Yoko Ono, Barbara Kasten, Judy Chicago, Mary Heilmann, Lynn Hershman Leeson, Amikam Toren, Suzanne Blank Redstone, John Waters, Ian Wallace, Donald Woodman, Catherine Wagner, Grayson Perry, Isaac Julien, Tammy Rae Carland, Andrea Bowers, Susanne M. Winterling, Mickalene Thomas, Haegue Yang, Luke Butler, Nicole Wermers, Julian Hoeber, Hank Willis Thomas, Matt Lipps, John Houck, Christopher Badger, N Dash, Davina Semo, Sean Raspet, Heather Rasmussen, Hayal Pozanti, Ru O’Connell, Dashiell Manley, Margo Wolowiec, Hugh Scott Douglas, Matthew Angelo Harrison, Woody De Othello
July 19-August 31, 2018
488 Ellis Street
San Francisco, CA 94102
Celebrating 10 Years of Jessica Silverman Gallery
Jessica Silverman Gallery is celebrating its 10th anniversary with a monster group show, titled “Kinship.” The exhibition features work by its extended family of represented artists and artist-friends. It addresses themes of brotherhood, sisterhood, subcultures and tribes, twinning and aesthetic genealogies.
Jessica Silverman was introduced to art by her late grandfather, Gilbert Silverman, and his wife, Lila, who were the leading collectors of Fluxus in America. Their collection now resides principally at MoMA New York, but also at the Detroit Institute of Arts and the Israel Museum in Jerusalem. Heir to the Dada movement, Fluxus (“flowing” in Latin) was practiced in the sixties by a small network of artists based in New York, Germany and Japan. Fluxus artists embraced humor and made work that valued experience, accidents and ephemera. Together, they greatly expanded the definition of art.
When Silverman was a toddler, her favorite work was Finger Boxes (1964) by Japanese Fluxus artist Ay-O. These handheld wooden boxes contained openings through which the participant could feel the unexpected materials they contained, such as feathers, marbles, and needles. Other childhood choices included Joseph Beuys’s Sled (1969) and Katherine, a hyperrealist sculpture of a naked woman by John De Andrea.
Yoko Ono was integral to the family’s collection. When Silverman was studying fine art at Otis College in Los Angeles, she flew up for the SFMOMA opening of “Yes, Yoko Ono,” the artist’s first American solo retrospective, to which her grandparents had loaned many works. Silverman had a memorable conversation with Ono about body art, which started with a compliment the artist made about the star-struck student’s pedicure and ended with Silverman expressing her admiration for Ono’s “Cut Piece” performance (1964).
While studying to be an artist, Silverman discovered she was more of a curator and fledgling dealer. By the final year of her BFA, she had turned her studio into a project room, giving exhibitions to artists from rival schools like CalArts. While at Otis, Silverman studied mold-making with Julian Hoeber, an artist whom she now represents.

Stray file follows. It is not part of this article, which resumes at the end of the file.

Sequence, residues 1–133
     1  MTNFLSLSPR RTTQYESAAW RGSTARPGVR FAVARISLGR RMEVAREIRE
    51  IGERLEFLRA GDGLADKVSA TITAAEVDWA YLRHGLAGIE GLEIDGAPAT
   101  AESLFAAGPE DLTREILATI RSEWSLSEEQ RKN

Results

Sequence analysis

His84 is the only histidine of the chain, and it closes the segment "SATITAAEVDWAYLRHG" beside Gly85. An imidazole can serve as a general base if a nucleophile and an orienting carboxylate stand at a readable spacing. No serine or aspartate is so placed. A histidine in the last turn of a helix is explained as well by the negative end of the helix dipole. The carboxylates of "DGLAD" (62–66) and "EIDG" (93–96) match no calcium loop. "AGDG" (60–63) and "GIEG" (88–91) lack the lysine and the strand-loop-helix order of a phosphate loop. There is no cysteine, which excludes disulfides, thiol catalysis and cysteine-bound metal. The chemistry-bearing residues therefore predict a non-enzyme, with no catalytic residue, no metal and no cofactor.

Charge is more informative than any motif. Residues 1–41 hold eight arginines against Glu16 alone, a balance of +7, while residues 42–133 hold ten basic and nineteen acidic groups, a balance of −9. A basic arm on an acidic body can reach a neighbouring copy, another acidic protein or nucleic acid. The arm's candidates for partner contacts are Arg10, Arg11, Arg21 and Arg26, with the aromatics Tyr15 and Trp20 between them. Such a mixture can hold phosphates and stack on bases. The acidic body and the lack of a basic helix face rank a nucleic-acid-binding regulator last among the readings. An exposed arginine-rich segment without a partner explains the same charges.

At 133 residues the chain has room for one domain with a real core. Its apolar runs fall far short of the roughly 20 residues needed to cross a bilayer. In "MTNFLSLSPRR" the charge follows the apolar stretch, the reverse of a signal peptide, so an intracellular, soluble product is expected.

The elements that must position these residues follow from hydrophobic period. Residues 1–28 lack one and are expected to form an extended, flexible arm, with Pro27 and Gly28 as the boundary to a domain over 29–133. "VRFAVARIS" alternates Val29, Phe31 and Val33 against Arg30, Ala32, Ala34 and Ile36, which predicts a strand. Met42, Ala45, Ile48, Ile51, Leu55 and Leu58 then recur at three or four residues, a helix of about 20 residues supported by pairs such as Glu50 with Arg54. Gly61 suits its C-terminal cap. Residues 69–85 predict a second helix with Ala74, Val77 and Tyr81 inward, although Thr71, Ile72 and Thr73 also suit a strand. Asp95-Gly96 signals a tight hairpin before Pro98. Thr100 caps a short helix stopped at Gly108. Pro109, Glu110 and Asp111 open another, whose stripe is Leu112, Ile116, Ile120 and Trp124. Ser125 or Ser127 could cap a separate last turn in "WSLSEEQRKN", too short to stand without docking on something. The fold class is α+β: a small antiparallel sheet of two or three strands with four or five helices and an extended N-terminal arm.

Silverman went on to do an MA in Curatorial Practice at the California College of the Arts. During that time, she opened a project space in Dogpatch to host a series of shows called “Hybrids,” which paired young artists (e.g. Christopher Badger) with mature artists they revered (like Robert Smithson). Upon graduation, she interned at the Frankfurt Kunstverein, overseeing the public program that accompanied the museum’s installation of Martha Rosler’s Library.
After many one-off projects, Silverman decided that she wanted to represent artists and build careers. In June 2008, she opened Jessica Silverman Gallery (JSG) in a small storefront on Sutter Street. The early exhibitions – Tammy Rae Carland’s “An Archive of Feeling,” Luke Butler’s “Captain!” and Matt Lipps’ “Home” – focused on local artists and explored kinship as a leitmotif. JSG has never shied away from giving artists their first gallery solo shows. Hugh Scott Douglas, Hayal Pozanti and Dashiell Manley, for example, enjoyed exhibitions in the San Francisco space before their inclusion in museum shows and addition to the rosters of galleries in New York and LA.
In October 2011, while exhibiting at the Frieze Fair in London, Silverman met Sarah Thornton, the author of Seven Days in the Art World and, at that time, The Economist’s chief writer on contemporary art. “Sarah’s international perspective and strategic support helped me take the gallery to the next level,” says Silverman of her domestic partner.
In November 2013, JSG moved to its current 3000-square-foot location at 488 Ellis and began broadening its representation of established artists, such as Amikam Toren, Isaac Julien and Judy Chicago, while continuing its commitment to emerging artists like Margo Wolowiec, Matthew Angelo Harrison and Woody De Othello.
The works in JSG shows are acquired by museums, private foundations and the kind of collectors who provide meaningful provenance. The gallery has participated in many fairs, including Art Basel Switzerland and Frieze. Its current annual calendar is punctuated by FIAC Paris (October), Art Basel Miami Beach (December) and San Francisco’s Fog Design+Art (January). Silverman is on the Selection Committee of Expo Chicago and the Presents Committee of The Armory Show. The gallery recently became a member of the Art Dealers Association of America (ADAA).
It takes a community to make a gallery successful. Jessica Silverman Gallery has developed a distinctive internationally recognized program with the advice and support of its artists, collectors, curator friends and dealer colleagues. JSG relies on the intelligence and dedication of four staff: Jennifer Bindman, Beryl Bevilacque, Barret Lybbert and Ben Saperstein. With this in mind, we invite you to join us in celebrating the 10th anniversary of this small but significant Bay Area institution.
Installation images courtesy of Jessica Silverman Gallery